Wake Up Girls Final Sendai and Learning to Love It All the Way to the End

With the last of the Sendai stop in the rear mirror, the seiyuu-idol unit Wake Up, Girls! is only one more live away from disbandment. I’m just trying to grapple with it the best I can as a fan of WUG who has now attended the last few shows in Sendai.

As to how we got here, let’s just say in Japanese popular entertainment, idol groups are common and idols of this variety come and go just like how their next-door-girl charms can be found, well, next door. There are a lot of reasons behind why a media-mix idol project that is about to hit its 6th year in existence would stop, too, despite selling out their largest venue thus far (Saitama Super Arena for their final live). But this is not that post. This post is about me, and WUGchans, damn it.

As a fan who started to follow WUG before the term WUGner became official I think there is something about following the group from cradle to the grave. I still remember reading ANN articles on Yamakan’s search for talent nationwide. I remember how in Jan/Feb 2014, while attending the big IDOLM@STER MOIW 2014 concert and on that trip to Japan, we tried and failed to go see WUGchans at a theater greeting, showcasing the first WUG movie. A friend and I were browsing K-Books and saw a signed poster from WUGchans going for over a man, left the aisle and then came back, and someone had already taken it from the shelf. The tinge of regret from that event lives on even today, even if both of us have gotten several signed goods since.

To be fair I didn’t quite consider myself as a WUGner until later in the year–more like just a typical seibuta who is into voice actresses and eventing. Well, I am always that I suppose. It was not until, at least, Chicago, when I first met the WUGchans at Anime Central 2014, that I consider myself fan enough to call myself one. (But then again, I had to be a fan to even fly to Chicago to see them in the first place.) As I would say now, I went to Acen that year to pick an oshimen. From watching the first TV anime as it was airing in winter of 2014 as well as other footage online, Miyu seemed to be the right fit for me. But having seen them in person then only further confirmed Miyu for me, despite how cute and appealing the others also were. I guess I’m not that big of a seibuta after all.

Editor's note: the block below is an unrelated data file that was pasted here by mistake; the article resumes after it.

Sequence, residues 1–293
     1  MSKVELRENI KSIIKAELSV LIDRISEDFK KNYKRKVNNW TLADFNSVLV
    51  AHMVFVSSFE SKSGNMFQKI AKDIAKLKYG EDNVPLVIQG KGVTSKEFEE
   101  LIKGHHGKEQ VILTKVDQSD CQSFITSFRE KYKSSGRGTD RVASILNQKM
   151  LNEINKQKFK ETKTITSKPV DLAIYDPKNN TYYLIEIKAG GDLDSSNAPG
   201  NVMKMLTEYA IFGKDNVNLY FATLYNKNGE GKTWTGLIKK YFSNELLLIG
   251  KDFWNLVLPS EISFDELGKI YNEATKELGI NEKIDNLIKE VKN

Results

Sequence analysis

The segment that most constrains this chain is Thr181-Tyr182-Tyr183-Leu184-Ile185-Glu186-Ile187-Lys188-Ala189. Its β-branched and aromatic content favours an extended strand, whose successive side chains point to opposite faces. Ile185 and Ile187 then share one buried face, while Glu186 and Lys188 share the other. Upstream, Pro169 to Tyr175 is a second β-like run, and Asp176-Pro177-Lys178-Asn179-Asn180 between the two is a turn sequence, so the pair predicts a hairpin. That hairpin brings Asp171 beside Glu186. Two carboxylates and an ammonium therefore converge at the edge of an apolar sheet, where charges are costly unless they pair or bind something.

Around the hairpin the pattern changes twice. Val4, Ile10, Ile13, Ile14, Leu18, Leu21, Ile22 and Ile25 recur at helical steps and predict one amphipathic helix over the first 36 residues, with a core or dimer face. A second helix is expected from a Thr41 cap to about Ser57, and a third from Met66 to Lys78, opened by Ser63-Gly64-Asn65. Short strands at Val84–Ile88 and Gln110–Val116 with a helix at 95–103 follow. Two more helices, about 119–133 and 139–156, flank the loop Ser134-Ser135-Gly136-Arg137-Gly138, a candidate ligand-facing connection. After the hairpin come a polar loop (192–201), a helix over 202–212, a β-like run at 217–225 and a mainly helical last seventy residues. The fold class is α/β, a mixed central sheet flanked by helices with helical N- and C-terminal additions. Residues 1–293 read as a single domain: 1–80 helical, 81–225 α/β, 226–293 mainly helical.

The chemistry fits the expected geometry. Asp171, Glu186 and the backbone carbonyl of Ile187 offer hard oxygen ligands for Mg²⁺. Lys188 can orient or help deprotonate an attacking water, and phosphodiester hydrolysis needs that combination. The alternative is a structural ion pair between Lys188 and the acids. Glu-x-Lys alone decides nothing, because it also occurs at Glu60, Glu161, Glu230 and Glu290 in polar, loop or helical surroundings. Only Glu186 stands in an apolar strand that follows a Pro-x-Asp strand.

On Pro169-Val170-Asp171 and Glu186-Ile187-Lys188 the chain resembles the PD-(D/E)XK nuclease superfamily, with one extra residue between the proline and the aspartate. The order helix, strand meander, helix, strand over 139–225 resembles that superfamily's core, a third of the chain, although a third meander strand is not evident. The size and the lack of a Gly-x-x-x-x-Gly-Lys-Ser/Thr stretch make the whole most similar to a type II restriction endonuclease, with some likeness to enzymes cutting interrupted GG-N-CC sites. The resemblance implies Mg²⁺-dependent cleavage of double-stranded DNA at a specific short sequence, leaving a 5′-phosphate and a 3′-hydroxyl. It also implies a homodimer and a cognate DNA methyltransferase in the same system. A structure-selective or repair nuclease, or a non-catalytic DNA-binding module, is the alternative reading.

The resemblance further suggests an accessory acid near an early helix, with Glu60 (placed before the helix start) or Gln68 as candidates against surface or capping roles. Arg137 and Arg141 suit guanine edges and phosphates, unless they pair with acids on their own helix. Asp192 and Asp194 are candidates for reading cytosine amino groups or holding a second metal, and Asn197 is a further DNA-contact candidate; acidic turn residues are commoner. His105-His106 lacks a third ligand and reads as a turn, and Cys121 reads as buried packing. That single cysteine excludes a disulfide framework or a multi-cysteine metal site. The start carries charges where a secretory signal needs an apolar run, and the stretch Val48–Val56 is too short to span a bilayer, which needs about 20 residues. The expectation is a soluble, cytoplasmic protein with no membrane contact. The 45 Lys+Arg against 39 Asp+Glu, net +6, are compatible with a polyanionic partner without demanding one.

I still remember first seeing them while waiting to go into the opening ceremony at Acen. We were just chatting in front of the entrance when Hiro, Yamakan and four(?) of the seven walked right in. We waved at them. It was Airi, MayuC, Minami and Yoppi. Actually memory is now sufficiently fuzzy that I don’t remember or am misremembering these details. I still remember MayuC’s expression when I first saw her, though. It’s not too different than what you would expect of a typical Japanese young person walking around, lol, Anime Central, in her first trip to the mainland USA.

[That first Anime Central was quite instructive in a number of ways. One thing that came up repeatedly is different close encounters with these 81Produce seiyuu at various events. I’m sure some of you have heard of the stories coming from Machi Asobi, but we had the same at Anime Central already, plus AX 2017, and elsewhere. It seems like these seiyuu are more next door-y idols in more than just the figurative speech kind of way.]

Fast forward to 2019, things have changed, but only by a bit. MayuC remains the same person that we saw then. She’s like that timid but very brave-minded woman with a wild streak, but also who now has the confidence to show it off. I too have changed: from “I don’t like the WUGchans that much” to “WUGchans ga dai daisuki da!”

(See the setlist here. I’m going to jump around a lot across the 4 shows.)

And love is what unites us. WUG is a project born of love, after all. After the great disaster in Tohoku, WUG was born to love it back, and in some ways Sendai, too, has did what little it could to embrace WUG. There were no louder display of Sendai’s love for Wake Up Girls than last weekend. Like this:

During the live, each session repeated Airi’s two solo-event songs, songs about the enduring qualities of Tohoku and her people, but also that video montage of pilgrimage business owners was very cute. It was an uplifting tune for an uplifting message.

I don’t mind it if the Date Clan has some Miyu oshi in it. Myu needs more fans.

WUGners were pilgrims that weekend. The EBeans building (the mall where Animate/Gamers/Lashingbang Sendai were) had this tall “thanks for all the WUGs” poster and LOL Watanabe Nanami even put it in her IG story. Anyways. Gyoza no Tenpari, the ramen shop moonlit in the first season, got lines all weekend long and the obaachan looked visibly tired, according to some witness accounts, LOL. That pancake place, 38 Mitsubachi, the place famous for the birth of umenyaan in the first season, also had massive lines. The International Center Sendai Subway station had a popup gallery of a bunch of the WUG Sendai pilgrimage spots too.

I suppose it’s hardly different than going to the visitor info center at Sendai JR station and asking for a WUG leaflet, at least before Butai Meguri and other apps are a thing. The thing is, I like Sendai, but I’m tired of pilgrimaging the WUG spots, so I barely did any on this trip. Only real thing that I did was visiting the 7 Girls War PV park, which is diagonally across from the live venue. I don’t count Luvya or eating grilled cow tongue at Kisuke…although I guess those also count. I mean I’ve had enough pilgrimaging of Sendai over the last 4+ years (but I’m always down for gyuton and idol cafes!) that I felt it was enough.

Sendai feels somewhat at home at this point. I had even had to mallrat around more than once, to kill time around Sendai JR station. The EBeans building feels almost like the back of my hand because of WUG Bus 3. The feeling came right back when I had to do that on Sunday waiting for friends to gather. I can see why MayuC said the same, as the WUGchans had to go there way more times than me (not even counting Airi).